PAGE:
August 3rd - I was heading out to Telford. The trains, what with the industrial fortnight and everything, have been quite quiet this week. Hauling the bike aboard on a pleasant morning at Shenstone, I was intrigued to be sharing space with a lady cyclist clearly off on a tour. No backpacks or panniers for her, but this smart, well thought out trailer. It seems to collapse down, and is available from these people. Cleverly, it attaches via a modified quick release axle or wheelnuts. I do like this, and wish I’d had chance to ask the lady about it. She left the train at Aston - I don’t know where she was going, but I hope she had a great ride.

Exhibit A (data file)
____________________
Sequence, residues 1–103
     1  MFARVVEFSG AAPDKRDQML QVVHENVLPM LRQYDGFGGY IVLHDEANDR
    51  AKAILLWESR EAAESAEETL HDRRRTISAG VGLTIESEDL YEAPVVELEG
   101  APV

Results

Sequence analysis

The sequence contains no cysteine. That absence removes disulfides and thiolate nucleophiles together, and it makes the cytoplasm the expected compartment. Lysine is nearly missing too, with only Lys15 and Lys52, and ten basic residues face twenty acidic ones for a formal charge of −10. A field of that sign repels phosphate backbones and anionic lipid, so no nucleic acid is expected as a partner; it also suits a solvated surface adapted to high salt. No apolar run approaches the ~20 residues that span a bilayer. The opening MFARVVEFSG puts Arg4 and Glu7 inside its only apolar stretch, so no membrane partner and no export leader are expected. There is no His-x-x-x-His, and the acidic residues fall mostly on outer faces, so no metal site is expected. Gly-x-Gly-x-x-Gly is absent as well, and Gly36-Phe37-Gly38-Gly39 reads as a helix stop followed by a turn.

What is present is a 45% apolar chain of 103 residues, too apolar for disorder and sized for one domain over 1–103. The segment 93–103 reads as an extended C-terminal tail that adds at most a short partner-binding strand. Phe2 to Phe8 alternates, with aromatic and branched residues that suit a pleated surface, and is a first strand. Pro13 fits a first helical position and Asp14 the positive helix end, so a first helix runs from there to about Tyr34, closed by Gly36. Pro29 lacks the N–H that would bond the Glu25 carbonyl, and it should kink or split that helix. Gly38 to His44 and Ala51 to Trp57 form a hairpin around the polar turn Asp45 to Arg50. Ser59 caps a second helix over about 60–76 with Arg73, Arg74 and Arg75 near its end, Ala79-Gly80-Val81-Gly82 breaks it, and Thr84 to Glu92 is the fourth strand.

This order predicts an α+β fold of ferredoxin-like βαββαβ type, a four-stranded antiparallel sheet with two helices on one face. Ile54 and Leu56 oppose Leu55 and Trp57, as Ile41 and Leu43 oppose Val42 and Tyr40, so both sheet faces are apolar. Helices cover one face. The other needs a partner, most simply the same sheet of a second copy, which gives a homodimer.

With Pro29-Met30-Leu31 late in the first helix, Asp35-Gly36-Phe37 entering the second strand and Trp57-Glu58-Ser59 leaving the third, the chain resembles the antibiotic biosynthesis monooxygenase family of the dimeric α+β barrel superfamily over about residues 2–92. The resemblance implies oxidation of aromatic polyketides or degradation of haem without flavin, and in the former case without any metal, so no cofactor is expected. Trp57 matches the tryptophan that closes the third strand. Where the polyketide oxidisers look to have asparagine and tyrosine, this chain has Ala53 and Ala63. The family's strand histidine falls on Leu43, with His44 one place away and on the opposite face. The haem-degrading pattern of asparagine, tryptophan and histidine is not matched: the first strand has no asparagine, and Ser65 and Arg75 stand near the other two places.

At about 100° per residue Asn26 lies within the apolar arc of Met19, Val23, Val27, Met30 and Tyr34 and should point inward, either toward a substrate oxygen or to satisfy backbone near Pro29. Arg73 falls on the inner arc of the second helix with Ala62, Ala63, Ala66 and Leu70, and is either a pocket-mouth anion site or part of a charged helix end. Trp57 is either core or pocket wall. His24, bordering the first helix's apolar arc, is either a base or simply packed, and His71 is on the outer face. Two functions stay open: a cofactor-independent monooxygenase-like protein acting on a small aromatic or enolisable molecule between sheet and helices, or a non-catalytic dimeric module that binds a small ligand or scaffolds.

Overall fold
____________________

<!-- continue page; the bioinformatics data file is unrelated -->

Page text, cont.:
June 28th - Time for a bit of cycling knowledge. After heavy rains - like we had today - the roads are way more hazardous than usual. If it’s the first rain after a dry spell, the surface water becomes greasy and slippery, due to tyre rubber detritus and diesel being washed into the sludge. This makes white lines, ironworks and junctions really nasty. After heavy rain, silt washes of fields and gardens, bring with it loose gravel. This gathers in bands, hollows and dips, often just where cyclists cross junctions. The silt when wet is slippery, but when dry, will steal your wheels from beneath you. The gravel - known as ‘marbles’ to motorcyclists - gets progressively polished by vehicle wheels, and is like cycling on ball bearings. Take care - the hazard continues in the dry, too, and can last for weeks after a storm.